Escape Room feels pretty uninspired. A tired rehash of pieces we have all seen before, combined with bland characters. I was quickly bored and basically only finished the film out of lethargy.
Plot: Haley (Haley Bodell), Gwen (Audrey Boos) and Trish (Gabriella Herrera) are preparing for a ritual in the town’s diner. They, and every other kid their age, are donning the clothes of their grandparents and walk to the diner. Something big is going to happen, something that will change the course of their lives forever. At least, if they are chosen.
Ham on Rye builds on an interesting idea, but lacks a bit of focus and narrative clarity. Still, it’s definitely unusual.
Plot: When Lila (Hafsia Herzi) finds out that her boyfriend Rémi (Jérèmie Laheurte) cheated on her with his ex-girlfriend Myriam (Myriam Djeljeli), she is devastated. Lila and Rémi break up, but at the same time, they aren’t actually willing to let go of each other. So, while Rémi heads to Bolivia to clear his head, Lila starts flirting with other men, hoping to find more luck with them.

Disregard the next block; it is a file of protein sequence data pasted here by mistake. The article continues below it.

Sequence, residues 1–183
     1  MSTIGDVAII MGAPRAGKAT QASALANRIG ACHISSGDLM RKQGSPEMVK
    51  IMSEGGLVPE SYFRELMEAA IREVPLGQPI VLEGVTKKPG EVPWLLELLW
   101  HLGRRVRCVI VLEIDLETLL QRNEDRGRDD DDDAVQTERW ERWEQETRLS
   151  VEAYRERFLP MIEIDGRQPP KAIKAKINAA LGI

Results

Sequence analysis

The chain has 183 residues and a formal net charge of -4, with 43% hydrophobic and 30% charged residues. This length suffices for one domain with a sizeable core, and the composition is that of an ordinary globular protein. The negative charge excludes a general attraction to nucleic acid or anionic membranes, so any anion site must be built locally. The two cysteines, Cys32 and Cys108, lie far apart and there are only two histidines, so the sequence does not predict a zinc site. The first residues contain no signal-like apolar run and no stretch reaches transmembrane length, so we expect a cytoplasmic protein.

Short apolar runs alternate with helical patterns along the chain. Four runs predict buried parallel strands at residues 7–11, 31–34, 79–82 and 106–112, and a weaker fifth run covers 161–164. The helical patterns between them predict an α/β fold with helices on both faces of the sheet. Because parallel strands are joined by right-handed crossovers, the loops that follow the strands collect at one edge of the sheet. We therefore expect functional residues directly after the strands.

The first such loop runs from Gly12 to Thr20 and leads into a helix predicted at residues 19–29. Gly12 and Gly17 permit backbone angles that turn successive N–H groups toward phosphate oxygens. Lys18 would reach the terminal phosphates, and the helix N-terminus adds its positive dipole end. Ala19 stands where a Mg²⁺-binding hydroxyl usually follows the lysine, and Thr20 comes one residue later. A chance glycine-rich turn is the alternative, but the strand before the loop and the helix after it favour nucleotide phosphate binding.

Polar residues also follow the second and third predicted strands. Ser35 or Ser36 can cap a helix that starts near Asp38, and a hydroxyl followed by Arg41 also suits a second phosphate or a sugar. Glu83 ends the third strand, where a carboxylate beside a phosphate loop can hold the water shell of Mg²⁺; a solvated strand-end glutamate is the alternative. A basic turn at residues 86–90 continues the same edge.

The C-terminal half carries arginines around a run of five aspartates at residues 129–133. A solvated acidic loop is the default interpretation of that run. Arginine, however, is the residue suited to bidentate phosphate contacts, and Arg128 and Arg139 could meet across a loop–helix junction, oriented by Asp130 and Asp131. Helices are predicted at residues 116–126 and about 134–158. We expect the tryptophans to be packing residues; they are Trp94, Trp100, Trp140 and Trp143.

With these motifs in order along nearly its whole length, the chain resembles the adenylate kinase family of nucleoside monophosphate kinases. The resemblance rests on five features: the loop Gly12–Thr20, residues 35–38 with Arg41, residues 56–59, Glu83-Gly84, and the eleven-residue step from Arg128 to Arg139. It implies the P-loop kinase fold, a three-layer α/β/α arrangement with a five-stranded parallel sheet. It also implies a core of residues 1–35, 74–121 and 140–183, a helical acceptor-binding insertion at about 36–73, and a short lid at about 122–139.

Tu mérites un amour sounds like it should be right up my alley – a story about a woman trying to find her footing in the world? I like those – but it just didn’t work for me because Lila and her development didn’t work for me.
Plot: After Joachim (Jonathan Couzinié) has an apparently random encounter with somebody on the street who gives him the idea that he is the reincarnation of a Zoran who appears to not have been a good person, he convinces his friend Alice (Adèle Haenel) to go to Sarajevo with him and find out more about his past life. Alice, a filmmaker who shot a documentary about Srebrenica and its aftermath, decides to make a film out of Joachim’s search as well. Together with soundmaster Virginie (Antonia Buresi) and cameraman Paul (Paul Guilhaume) they leave to find out who Zoran/Joachim was.